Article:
Editor's note: Gloria Borger is a senior political analyst for CNN, appearing regularly on CNN's "The Situation Room," "Campbell Brown," "AC360°" and "State of the Union With John King," as well as special event coverage.
Gloria Borger says the revelations in the hearings were about the GOP, not Sotomayor.
WASHINGTON (CNN) -- In the past decade, it's become a given that Supreme Court nominees are expected to tell you -- not to mention the senators actually voting on confirmation -- absolutely nothing about how they will rule on the Supreme Court.
Think of it this way: a job interview without a hint of what the applicant would actually do on the job.
That's because back in 1987, when Judge Robert Bork came before the Senate Judiciary Committee, he did answer questions. He also came with a long, scholarly record that outlined an obviously conservative judicial philosophy. He lost. And he lost ugly.
Looking back, Bork told CNN's Campbell Brown this week, his honest approach was a big mistake.
"I think I could have been more intelligent in my approach and more aware of what was taking place," he said. "I kept responding to questions as if it was a rational discussion, which it wasn't. I think I would have taken that into account more if I were to do it over again."
It's no longer a 'rational discussion,' or even remotely candid. It's a game of hide-and-seek, a choreographed kabuki in which little is revealed. The nominee hides behind the notion of abiding by "precedent" -- as if that's enough in applying for a job on the high court, which actually sets precedent.
Justice Ruth Bader Ginsburg first honed the strategy out of presumed necessity in the post-Bork world, and it has stuck. So, given president Obama's congressional majority -- and Judge Sonia Sotomayor's paper-trail of often-narrow legal rulings -- her confirmation was pretty much assured heading into the hearing. Her now-infamous "wise Latina" comment provided lots of grist for questions and outrage, but that's about it. As Sen. Lindsey Graham, R-South Carolina, told the nominee, "Unless you have a complete meltdown, you're going to get confirmed."
She didn't, and she will get the job.
But there were revelations during the hearings -- only they were not about Sotomayor. Indeed, they were about a Republican Party in search of a new tone, key issues and a way to put the president on notice for his next nominee. And they succeeded, too.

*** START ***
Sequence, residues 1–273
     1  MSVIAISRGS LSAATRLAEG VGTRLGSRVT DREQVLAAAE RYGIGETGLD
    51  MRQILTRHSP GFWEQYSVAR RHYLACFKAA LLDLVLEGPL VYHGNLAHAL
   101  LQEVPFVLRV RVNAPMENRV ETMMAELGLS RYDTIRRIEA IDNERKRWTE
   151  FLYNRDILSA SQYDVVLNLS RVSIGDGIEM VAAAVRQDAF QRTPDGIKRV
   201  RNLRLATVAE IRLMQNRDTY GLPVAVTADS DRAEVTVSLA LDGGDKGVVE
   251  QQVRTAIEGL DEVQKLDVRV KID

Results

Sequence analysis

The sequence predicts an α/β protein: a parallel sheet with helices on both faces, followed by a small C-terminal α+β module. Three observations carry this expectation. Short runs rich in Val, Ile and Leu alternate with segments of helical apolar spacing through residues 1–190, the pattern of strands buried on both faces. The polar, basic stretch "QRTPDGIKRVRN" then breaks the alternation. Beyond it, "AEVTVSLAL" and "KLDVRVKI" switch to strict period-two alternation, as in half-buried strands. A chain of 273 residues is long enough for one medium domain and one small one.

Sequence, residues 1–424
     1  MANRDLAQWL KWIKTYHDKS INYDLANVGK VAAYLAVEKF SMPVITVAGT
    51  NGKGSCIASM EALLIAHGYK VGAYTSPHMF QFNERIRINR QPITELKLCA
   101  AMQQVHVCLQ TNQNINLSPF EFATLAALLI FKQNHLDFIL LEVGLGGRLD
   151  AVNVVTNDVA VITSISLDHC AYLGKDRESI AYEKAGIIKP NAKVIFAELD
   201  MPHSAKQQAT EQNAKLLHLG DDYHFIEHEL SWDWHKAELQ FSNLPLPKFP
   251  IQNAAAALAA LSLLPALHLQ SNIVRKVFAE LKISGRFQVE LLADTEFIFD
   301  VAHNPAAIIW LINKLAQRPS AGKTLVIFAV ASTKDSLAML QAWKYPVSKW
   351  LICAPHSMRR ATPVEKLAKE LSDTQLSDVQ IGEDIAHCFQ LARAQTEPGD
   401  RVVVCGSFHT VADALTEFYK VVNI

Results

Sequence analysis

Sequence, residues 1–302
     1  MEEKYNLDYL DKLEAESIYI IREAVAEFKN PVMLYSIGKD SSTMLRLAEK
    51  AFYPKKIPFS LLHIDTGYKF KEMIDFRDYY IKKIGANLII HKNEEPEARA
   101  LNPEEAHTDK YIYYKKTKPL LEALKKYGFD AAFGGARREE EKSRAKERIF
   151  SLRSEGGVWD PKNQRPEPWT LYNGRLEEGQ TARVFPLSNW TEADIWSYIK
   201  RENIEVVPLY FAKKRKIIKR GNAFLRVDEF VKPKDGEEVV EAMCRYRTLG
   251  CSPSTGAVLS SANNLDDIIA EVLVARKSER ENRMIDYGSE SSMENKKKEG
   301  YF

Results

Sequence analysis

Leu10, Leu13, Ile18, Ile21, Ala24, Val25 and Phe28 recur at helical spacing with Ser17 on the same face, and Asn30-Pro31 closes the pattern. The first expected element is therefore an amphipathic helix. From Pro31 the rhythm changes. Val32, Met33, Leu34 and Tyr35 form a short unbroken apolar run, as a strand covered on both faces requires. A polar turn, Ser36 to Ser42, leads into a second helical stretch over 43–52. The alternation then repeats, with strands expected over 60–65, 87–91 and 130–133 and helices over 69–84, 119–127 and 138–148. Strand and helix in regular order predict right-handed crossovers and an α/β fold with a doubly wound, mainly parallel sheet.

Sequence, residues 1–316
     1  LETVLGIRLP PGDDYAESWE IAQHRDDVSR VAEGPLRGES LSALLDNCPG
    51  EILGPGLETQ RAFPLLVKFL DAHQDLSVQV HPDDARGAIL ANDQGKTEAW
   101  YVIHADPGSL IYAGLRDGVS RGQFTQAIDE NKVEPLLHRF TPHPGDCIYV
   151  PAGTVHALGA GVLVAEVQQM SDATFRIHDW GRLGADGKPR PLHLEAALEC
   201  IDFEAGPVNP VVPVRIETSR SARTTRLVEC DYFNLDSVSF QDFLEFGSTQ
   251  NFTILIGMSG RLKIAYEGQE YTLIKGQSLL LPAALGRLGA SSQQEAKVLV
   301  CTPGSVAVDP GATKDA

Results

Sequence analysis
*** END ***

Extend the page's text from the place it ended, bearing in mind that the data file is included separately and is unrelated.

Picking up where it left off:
Without sounding shrill (and without calling the judge a "racist' or a "reverse racist," as others outside the Senate did), Republicans got Sotomayor to distance herself from Barack Obama's vision of a judge with empathy:
Sen. John Kyl: ... Do you agree with him (President Obama) that the law only takes you the first 25 miles of the marathon and that that last mile has to be decided by what's in the judge's heart?
Sotomayor: No, sir. That's -- I don't -- I wouldn't approach the issue of judging in the way the president does. He has to explain what he meant by judging. I can only explain what I think judges should do, which is judges can't rely on what's in their heart. They don't determine the law. Congress makes the laws. The job of a judge is to apply the law.
Take that, Barack Obama.
And Republicans on the committee -- especially those few who might be inclined to vote for Sotomayor -- made it clear they would be more generous than Sen. Barack Obama was in considering Justices John Roberts and Samuel Alito. After all, during Alito's confirmation, then-Sen. Obama took to the floor and told us it's ideology that counts:
"There are some who believe that the president, having won the election, should have the complete authority to appoint his nominee, and the Senate should only examine whether or not the justice is intellectually capable and an all-around nice guy. That once you get beyond intellect and personal character, there should be no further question whether the judge should be confirmed. I disagree with this view. I believe firmly that the Constitution calls for the Senate to advise and consent. I believe that it calls for meaningful advice and consent that includes an examination of a judge's philosophy, ideology and record."
Republicans have now cleverly dubbed that the "Obama standard." Graham, who is likely to vote for Sotomayor, made the point that "President Obama won the election, and I will respect that. But when he was here, he set in motion a standard that was more about running for president."
Take that, Barack Obama.
But even more important, Republicans made it clear that when Obama gets his second Supreme Court vacancy pick -- as most expect he will -- they will make it difficult to nominate "an activist with a more demonstrable record," as one conservative legal activist told me.
By continually emphasizing issues such as gun control, taxpayer funding of abortion, property rights and affirmative action, Republicans were trying to make conservative Democrats from purple or red states squirm. That way, if a more liberal judge is nominated next time, they could potentially jump ship.
So while we may not have learned a lot new about Sotomayor's legal inclinations, we did learn something about the Republican Party, at least in the Senate: It ain't dead yet.
The opinions expressed in this commentary are solely those of Gloria Borger.
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